On Writing Fiction About Ed

I wrote this micro-fic in the spring of 2015, after a particularly rough binge the night before.   I had been thinking of writing this piece for some time, inspired by the Hinder song “Get Me Away From You,” which I titled this piece.

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                I paced the length of the hotel room, twisting the ring on my left hand. If she was late, I’d be late. And if I were late again, he would start to wonder where I keep running off to. I paused at the window and used one finger to move the curtain to the side, just enough to peek out, tapping my toe as I did so. Still no sign of her car.

My stomach flipped. I turned from the window and took long strides toward the other end of the room, toward the small bathroom setup, and wiped my sweaty palms on my pants. At the bed I paused, slowly unbuttoning my blazer and draping it carefully across the floral comforter. I rounded the corner and sat on the edge of the bed, on what would be my side if this were home, smoothing the blanket around me softly.

I closed my eyes and counted to five, noticing my heartbeat in my ears and the lightness in my head. No matter how many times I found myself at this hotel, waiting, the anxiety still played its dirty tricks.

“This is the last time,” I told myself, wringing my hands together, letting the coolness of my wedding band soothe me, if only momentarily. I pictured my husband’s pained expression if he found out I’d been lying to him, again, and the kids’ worried looks if they heard that discussion. It was almost enough to make me get up right then, leaving my room key behind me. Almost, but not quite.

I imagined how good I’d feel once she got here, how in an instant my worries would disappear and my insecurities would fade. That argument with Jake last night – forgotten. Lily’s friend drama and Alex’s poor grades would be a distant memory. For a little while, I wouldn’t feel unlovable, or ashamed of my body. I opened my eyes and looked down at myself, at how my thighs touched more than I liked and my stomach wasn’t as flat as my best friend’s. I deserved this.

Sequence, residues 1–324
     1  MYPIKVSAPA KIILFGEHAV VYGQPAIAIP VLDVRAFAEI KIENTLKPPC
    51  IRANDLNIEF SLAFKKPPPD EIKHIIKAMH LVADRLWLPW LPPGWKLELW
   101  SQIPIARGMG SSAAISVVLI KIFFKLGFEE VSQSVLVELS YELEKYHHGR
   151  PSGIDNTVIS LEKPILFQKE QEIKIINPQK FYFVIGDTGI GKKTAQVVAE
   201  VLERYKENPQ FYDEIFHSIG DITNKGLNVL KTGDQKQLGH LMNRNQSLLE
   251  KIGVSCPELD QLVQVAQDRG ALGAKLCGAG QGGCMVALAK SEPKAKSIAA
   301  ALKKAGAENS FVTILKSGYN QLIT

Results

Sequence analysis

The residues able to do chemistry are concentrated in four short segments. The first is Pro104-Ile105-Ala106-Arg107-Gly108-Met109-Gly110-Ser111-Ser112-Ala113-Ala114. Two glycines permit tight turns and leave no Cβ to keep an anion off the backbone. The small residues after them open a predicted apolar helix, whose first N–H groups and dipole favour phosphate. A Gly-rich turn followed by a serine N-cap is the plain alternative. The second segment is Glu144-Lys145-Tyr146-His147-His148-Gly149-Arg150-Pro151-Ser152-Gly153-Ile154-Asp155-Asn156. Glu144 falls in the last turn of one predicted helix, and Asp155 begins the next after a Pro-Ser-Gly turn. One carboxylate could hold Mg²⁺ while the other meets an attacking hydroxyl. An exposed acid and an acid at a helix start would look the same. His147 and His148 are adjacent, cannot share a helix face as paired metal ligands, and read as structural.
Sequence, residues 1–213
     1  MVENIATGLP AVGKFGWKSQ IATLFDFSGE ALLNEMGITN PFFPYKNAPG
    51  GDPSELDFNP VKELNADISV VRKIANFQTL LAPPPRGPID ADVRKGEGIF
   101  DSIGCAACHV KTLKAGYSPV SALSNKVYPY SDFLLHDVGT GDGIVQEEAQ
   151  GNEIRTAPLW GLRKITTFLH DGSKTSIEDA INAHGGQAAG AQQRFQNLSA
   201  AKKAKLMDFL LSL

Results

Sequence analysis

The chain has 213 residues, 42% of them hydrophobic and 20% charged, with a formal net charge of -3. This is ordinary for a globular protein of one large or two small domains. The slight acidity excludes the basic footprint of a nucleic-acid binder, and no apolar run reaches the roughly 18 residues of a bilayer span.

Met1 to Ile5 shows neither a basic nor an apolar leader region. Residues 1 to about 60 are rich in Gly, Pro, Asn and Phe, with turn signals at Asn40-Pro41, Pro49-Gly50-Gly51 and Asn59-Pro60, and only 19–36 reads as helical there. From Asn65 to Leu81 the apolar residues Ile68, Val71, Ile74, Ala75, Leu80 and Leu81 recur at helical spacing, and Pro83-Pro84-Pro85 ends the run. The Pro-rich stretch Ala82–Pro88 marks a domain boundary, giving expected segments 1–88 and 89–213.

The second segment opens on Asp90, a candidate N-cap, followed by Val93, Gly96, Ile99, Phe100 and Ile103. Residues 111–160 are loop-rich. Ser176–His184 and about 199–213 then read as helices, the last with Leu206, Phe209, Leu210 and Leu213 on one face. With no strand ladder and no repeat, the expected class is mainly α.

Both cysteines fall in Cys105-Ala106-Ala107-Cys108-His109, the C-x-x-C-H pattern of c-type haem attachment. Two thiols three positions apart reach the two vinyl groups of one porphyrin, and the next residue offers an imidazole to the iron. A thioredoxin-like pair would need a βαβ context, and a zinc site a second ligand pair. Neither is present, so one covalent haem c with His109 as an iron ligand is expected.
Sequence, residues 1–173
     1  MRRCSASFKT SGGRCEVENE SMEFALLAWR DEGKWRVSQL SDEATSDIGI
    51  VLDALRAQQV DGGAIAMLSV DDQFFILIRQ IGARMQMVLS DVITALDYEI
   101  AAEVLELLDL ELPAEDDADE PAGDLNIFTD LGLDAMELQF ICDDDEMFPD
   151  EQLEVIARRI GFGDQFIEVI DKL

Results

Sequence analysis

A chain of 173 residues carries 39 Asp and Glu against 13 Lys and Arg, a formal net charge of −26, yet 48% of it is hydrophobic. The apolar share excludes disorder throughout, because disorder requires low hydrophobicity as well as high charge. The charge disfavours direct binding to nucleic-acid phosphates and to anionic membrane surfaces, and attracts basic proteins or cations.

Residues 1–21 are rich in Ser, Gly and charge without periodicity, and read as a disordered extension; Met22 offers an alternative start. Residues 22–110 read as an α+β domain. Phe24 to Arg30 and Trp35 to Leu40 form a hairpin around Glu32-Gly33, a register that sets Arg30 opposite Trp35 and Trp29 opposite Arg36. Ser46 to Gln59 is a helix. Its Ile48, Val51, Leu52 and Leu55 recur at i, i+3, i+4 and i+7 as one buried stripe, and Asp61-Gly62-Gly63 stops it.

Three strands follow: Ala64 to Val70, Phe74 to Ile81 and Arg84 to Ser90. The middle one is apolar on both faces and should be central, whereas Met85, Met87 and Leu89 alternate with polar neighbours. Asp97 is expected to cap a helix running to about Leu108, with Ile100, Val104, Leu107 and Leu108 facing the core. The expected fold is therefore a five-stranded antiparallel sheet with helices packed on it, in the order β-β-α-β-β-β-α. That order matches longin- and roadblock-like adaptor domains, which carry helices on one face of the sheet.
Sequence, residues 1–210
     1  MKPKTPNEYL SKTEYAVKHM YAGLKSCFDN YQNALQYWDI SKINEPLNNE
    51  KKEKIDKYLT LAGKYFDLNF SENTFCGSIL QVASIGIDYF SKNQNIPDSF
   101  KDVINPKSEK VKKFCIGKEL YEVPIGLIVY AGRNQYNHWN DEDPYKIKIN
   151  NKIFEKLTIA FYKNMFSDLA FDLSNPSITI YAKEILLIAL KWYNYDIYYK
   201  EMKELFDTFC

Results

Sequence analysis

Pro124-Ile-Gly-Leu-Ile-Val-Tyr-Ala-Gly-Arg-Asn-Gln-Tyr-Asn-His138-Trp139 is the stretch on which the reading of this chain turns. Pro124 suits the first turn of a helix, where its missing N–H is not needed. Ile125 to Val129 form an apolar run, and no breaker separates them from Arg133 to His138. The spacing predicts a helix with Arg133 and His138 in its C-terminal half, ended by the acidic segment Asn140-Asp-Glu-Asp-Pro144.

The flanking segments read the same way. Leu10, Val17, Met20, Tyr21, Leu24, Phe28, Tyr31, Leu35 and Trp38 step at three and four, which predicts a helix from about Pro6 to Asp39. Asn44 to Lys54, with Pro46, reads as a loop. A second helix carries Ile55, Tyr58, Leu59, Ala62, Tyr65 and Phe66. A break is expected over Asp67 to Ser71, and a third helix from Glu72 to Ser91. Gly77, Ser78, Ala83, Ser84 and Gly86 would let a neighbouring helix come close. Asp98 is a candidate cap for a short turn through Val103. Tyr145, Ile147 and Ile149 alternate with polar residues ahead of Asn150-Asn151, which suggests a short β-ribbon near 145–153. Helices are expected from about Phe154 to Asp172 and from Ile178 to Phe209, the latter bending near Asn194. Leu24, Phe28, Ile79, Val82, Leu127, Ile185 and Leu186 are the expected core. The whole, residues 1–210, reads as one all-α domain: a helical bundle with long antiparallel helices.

A soft knock at the door interrupted my thoughts and my chest fluttered with excitement. Finally. I stood, pulling my shirt down at the bottom and smoothing my pants, and headed for the door. I paused to check my hair in the mirror. I unlocked the door and turned the knob, noticing that my palms weren’t sweaty anymore. I was ready. I deserved this.

She stood in the light of the setting sun, her cap pulled down over her eyes, her long hair loose and wavy over one shoulder. A toothy grin flashed across her pretty face. “Another big night, looks like.”

“You know how it is,” I offered with a shrug, playing it off. She didn’t need to know that everything she delivered was for me, every time. There was no party, no business meeting, no ladies night. Just me and my self-esteem, and seventy dollars worth of food.

“See you,” she said, tipping the bill of her cap before leaving.

I barely acknowledged her words, lost in my own world of gluttony. One day I would stop meeting the delivery boy like this, in a small motel room in the middle of the week, when my husband thought I was working late and the kids were missing their mother. But not today. Instead, I sat down amidst my spread of meat and bread and sugar and took a deep inhale. For the first time all day, I finally felt at peace.

As a took the first savory bite, I felt more alive than I had all week, even as I felt a part of me slowly dying inside.

Debbie 2Debbie is an addiction counselor and yoga teacher in Indiana.  She is an avid reader of any genre, and has published fantasy short stories; she is still working on the elusive novel.  Recently, Debbie has ventured into non-fiction writing, in hopes that discussing her life with an eating disorder will help someone in need.  Debbie’s loves include her niece Lillie and her girl-cat, Emilio Estevez.  She is passionate about mental health awareness, especially related to addiction and eating disorders.

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